A Somali-born Australian who carried out a deadly knife rampage in Melbourne held extremist views and was known to intelligence services, authorities said Saturday, as they carried out raids and interviewed dozens of witnesses.
Australian Federal Police said 30-year-old Hassan Khalif Shire Ali -- who was shot dead after driving a 4x4 laden with gas cylinders into the city centre and stabbing three people -- fled to Australia as a child with his family in the 1980s.
He stabbed three people before being confronted by members of the public and armed officers who eventually shot him in the chest. One of his victims died at the scene while two others were wounded.
Authorities have questioned around 35 people who saw the rush hour attack, which although crude, was said to have been designed to "cause terror and cause maximum casualties" in the heart Australia's bustling second city.
Armed officers raided two addresses in the west and northeast of the city, linked to the perpetrator's family and associates, although there is not thought to be an ongoing threat.
The man killed by Shire Ali was named by local media as 74-year-old Sisto Malaspina, an icon of Melbourne's thriving culinary culture who ran a famous Italian cafe.
Two other men wounded in the attack are still being treated but are expected to make a recovery.
Australian authorities now face difficult questions about how Shire Ali, who was known to the Australian Security Intelligence Organisation for at least three years, was able to carry out an attack.
He had his Australian passport revoked in 2015 amid fears he was trying to travel to Syria to join the Islamic State group.
His brother will go on trial next year on separate terror-related charges -- accused of trying to acquire a firearm and kill people in a New Years' Eve crowd.
"The assessment was made that whilst he had radicalised views he didn't pose a threat to the national security environment," Ian Mccartney, a federal police counterterrorism official said of Shire Ali.
Mccartney described the attack as a "wake up call" even as the Islamic State loses territory in Iraq and Syria, where Australian forces are part of a coalition fighting the group.
"The circumstances of how he and when he moved from having these radicalised views to carrying out this attack yesterday will be a key focus of the investigation," Mccartney added.
The Islamic State group -- which often claims responsibility for such attacks -- said via its propaganda arm that the perpetrator was an "Islamic State fighter and carried out the operation."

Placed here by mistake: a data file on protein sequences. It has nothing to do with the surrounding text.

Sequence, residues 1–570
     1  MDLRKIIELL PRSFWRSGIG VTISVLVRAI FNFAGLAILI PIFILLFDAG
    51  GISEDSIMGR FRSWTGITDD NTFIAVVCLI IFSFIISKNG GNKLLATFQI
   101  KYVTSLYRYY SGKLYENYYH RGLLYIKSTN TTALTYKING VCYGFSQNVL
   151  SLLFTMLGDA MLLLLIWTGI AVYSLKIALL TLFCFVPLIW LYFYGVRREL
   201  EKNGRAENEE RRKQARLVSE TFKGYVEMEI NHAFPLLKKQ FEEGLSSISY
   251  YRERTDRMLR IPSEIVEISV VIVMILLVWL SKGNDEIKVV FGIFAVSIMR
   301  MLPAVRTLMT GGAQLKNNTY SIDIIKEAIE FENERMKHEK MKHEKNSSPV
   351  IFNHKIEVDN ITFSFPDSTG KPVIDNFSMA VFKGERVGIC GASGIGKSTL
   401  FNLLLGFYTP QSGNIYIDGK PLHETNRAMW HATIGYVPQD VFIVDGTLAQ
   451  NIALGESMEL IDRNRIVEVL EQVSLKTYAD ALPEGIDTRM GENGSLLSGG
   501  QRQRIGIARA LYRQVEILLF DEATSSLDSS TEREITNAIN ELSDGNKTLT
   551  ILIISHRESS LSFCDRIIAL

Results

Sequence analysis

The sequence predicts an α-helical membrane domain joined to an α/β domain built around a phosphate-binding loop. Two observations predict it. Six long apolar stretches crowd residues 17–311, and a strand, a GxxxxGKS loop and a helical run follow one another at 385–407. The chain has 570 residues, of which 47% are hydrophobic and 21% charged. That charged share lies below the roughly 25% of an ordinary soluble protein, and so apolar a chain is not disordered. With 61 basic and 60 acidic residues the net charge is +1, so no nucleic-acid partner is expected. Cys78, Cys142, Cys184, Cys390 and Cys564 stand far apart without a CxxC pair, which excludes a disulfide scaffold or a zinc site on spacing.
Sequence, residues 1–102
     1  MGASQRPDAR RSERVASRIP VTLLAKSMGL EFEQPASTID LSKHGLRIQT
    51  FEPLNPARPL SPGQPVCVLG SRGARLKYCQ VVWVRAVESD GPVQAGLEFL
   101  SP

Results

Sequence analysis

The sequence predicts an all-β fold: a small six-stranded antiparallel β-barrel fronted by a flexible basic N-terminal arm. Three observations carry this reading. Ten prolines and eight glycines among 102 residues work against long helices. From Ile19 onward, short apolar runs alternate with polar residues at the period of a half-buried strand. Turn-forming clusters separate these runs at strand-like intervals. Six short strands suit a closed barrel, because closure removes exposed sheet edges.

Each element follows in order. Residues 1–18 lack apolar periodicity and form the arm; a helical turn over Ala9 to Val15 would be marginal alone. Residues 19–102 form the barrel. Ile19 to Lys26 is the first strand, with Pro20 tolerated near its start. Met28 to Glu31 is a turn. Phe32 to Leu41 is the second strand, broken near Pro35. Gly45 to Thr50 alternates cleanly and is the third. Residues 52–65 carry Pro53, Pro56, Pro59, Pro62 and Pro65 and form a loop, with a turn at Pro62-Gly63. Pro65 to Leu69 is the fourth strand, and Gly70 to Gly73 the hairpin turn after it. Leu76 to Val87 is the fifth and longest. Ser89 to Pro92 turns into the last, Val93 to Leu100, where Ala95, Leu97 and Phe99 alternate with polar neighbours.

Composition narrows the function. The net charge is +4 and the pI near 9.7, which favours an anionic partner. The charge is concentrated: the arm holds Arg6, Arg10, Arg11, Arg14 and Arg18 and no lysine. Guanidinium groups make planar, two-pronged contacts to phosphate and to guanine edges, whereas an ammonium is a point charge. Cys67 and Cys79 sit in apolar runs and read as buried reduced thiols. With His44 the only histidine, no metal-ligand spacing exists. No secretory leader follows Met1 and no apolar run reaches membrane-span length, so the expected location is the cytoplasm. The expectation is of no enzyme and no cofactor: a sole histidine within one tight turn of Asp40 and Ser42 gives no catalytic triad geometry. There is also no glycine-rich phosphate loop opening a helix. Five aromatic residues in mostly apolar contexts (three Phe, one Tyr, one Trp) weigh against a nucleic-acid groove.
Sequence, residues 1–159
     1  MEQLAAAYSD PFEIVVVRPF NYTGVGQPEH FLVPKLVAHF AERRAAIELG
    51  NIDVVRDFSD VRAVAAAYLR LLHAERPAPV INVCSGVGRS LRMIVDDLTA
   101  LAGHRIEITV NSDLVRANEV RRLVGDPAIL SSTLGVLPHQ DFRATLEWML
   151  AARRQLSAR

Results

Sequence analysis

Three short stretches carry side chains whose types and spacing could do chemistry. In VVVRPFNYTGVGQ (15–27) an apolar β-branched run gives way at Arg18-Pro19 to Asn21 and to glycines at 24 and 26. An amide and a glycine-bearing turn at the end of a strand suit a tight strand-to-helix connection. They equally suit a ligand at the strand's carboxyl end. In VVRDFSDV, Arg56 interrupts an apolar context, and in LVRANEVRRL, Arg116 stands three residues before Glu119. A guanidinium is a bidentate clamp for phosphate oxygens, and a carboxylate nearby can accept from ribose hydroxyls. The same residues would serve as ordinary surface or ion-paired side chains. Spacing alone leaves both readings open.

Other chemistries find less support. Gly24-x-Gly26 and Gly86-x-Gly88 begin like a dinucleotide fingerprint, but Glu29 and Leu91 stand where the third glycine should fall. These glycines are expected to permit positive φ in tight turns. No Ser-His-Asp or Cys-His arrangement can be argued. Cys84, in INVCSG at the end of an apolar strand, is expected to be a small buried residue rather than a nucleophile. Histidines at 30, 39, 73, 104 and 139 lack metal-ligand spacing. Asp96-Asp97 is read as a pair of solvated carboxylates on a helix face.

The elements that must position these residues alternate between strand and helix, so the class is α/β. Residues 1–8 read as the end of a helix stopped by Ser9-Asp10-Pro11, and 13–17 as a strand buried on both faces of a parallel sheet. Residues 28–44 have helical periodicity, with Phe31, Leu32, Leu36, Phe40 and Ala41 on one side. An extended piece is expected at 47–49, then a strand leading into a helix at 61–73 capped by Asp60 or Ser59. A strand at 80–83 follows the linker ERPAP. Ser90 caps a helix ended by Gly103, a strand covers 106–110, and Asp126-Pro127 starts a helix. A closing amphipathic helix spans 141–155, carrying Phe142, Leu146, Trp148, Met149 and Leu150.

It provided no evidence to back its claim.
Witness footage showed police struggling for at least a minute to corral the towering man as he lunged, slashed and stabbed wildly at two officers.
At least two members of the public stepped in to help police. One man was armed with a cafe chair while another -- swiftly dubbed an "Aussie hero" on social media -- repeatedly tried to ram the suspect with an empty metal shopping cart.
But the attacks continued unabated before one officer opted for lethal force, shooting the suspect in the chest.
'Tried to deescalate'
The officers "tried to verbally deescalate" said Victoria Police Chief Commissioner Graham Ashton.
"Once the officer is off the view that there is an imminent threat to life," he added. "That is when firearms are drawn."
Witness Chris Newport, 60, described how he had been returning from a job interview when he heard a loud noise and saw a truck on fire, rolling across the tram tracks before a second, louder bang.
"In a split second everything changes" Newport told AFP, describing Shire Ali manically brandishing a knife. "You can't imagine someone deciding to do that."
Police said that his improvised explosive device was made up of gas cylinders and some form of lighter and "certainly wasn't sophisticated".
Australian Prime Minister Scott Morrison said the country would be unflinching in the fight against "radical, violent... extremist Islam that opposes our very way of life".
Shire Ali "sought to instill fear in our nation. Like those who tried before him, this terrorist failed," he said.
He cited more than a dozen foiled terror plots as evidence that Australians could have faith in their counterterrorism authorities.
Melbourne is Australia's second largest city, a cosmopolitan metropolis of almost five million people famed for its cafes, bars, restaurants and high standard of living.
Friday's attack was a double blow for the city as it coincides with an ongoing murder trial of 28-year-old James Gargasoulas, accused of ploughing his car into crowds in the same area in 2017, killing six people. The motives for that attack are still unclear.